Another embodiment of the invention is directed to an airway device comprising: a) a tubular structure including a first end region having a mask that defines a first opening and a second end region having a second opening, wherein the mask covers a larynx of a mammal when the tubular structure is inserted in a mouth of the mammal; b) an inflatable balloon proximate the first end region of the tubular structure, wherein the inflatable balloon substantially blocks an entrance to an esophagus of the mammal when the balloon is inflated, and wherein the first opening and the mask are between the second opening and the inflatable balloon; and c) a pilot tube in communication with the inflatable balloon, wherein the pilot tube supplies gas to inflate the inflatable balloon.
Methods of using the above-described airway devices are also disclosed. In one exemplary embodiment, the inflatable balloon of the airway device is inserted into the mouth of a mammal and into the esophagus of the mammal. The balloon is inflated so that the inflated balloon substantially blocks off the esophagus. Gas is supplied to the trachea through the tubular structure. The gas passes into the trachea of the mammal via an opening in a mask that is in tubular structure.
These and other embodiments of the invention are described in further detail below.
The airway devices according to embodiments of the invention are typically used in mammals. The mammals can be humans or animals. Examples of such mammals include infants (premature or full term), toddlers, and animals such as rabbits, mice, dogs, cats, etc. As will be explained in further detail below, embodiments of the invention are particularly well suited for use with small mammals. Small mammals typically have a weight less than about 10 pounds (e.g., less than about 6 pounds). Examples of small mammals include rabbits, mice, infants, puppies, kittens, rats, ferrets, etc.
As noted above, one embodiment of the invention is directed to an airway device comprising a tubular structure. The tubular structure includes a first end region having a first opening and a second end region having a second opening. A mask is in the tubular structure and defines the first opening. An inflatable balloon is proximate the first end region of the tubular structure. A pilot tube is in communication with the inflatable balloon to provide gas that inflates the balloon. In embodiments of the invention, the first opening and the mask are positioned between the second opening and the inflatable balloon.
When the inflatable balloon is inserted into the esophagus, the balloon can be inflated to substantially block off the esophagus. The blockage inhibits contents from the stomach from passing upward in the esophagus and into the trachea. At the same time, the inflated balloon is secured to the inner walls of the esophagus, consequently securing the airway device to the mammal's throat.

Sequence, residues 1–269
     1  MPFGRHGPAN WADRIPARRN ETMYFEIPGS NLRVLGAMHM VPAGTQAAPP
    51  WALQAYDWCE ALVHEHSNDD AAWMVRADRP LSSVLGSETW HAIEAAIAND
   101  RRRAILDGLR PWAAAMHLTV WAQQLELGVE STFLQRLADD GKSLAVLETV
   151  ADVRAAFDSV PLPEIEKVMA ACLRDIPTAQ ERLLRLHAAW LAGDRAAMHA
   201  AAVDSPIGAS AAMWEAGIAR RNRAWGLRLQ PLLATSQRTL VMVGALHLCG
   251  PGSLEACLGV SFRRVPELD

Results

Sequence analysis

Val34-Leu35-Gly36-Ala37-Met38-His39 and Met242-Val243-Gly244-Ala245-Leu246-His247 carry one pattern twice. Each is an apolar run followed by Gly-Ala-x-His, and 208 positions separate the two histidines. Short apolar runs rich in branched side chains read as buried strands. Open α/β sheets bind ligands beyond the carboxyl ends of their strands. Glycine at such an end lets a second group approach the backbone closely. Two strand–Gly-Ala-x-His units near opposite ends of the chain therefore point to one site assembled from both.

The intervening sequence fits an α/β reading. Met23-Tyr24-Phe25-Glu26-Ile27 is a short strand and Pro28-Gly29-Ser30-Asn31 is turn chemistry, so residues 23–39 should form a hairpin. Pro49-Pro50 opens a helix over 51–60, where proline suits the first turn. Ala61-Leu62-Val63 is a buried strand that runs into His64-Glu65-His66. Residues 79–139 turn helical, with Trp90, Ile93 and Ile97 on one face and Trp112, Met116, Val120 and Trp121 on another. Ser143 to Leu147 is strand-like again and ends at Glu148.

When the airway device is secured, the mask lies above and covers the larynx and the laryngeal opening to the mammal's trachea. In some embodiments, the first opening formed by the mask is larger than, and is positioned over, the larynx so that the larynx can receive the maximum amount of gas. Gas passes through a gas passage in the tubular structure and out of the first opening and into the trachea of the mammal. In this regard, the tubular structure may serve as a conduit for respiratory gases to (and also from) the trachea. The mask defining the first opening is generally a wide, open structure that directs the gas passing through the gas passage to the trachea. Additionally, the mask can cover the larynx of a mammal so that the backflow of gas coming out of the first opening and passing out of the mammal's mouth is minimized. The airway devices according to embodiments of the invention can form a continuous airway to the trachea.
Embodiments of the invention have a number of advantages over the above-described conventional airway devices. For example, in comparison to face masks, embodiments of the invention can be inserted directly into the throat of a mammal. The tongue, for example, does not obstruct the passage of gas to and from the mammal's trachea. Also, in comparison to face masks, in embodiments of the invention, the inflated balloon blocks contents from the stomach from passing up the esophagus and into the trachea.
In comparison to endotracheal tubes, the components of the airway devices according to embodiments of the invention need not be inserted into the trachea of a mammal. Accordingly, contact with the trachea walls, and the sensitive tissue of the larynx is minimized or avoided. As a consequence, problems such as bleeding, swelling, laryngospasms, patient discomfort, and hoarseness are also minimized or avoided. Also, because inserting an air tube into the trachea is not necessary in embodiments of the invention, the insertion and subsequent securing of the airway device to the mammal can be done “blindly”, without intubation aids such as a laryngoscope. This is particular helpful in the case of small mammals where the use of intubation aids is difficult or impossible due to the small size of the mammal's mouth.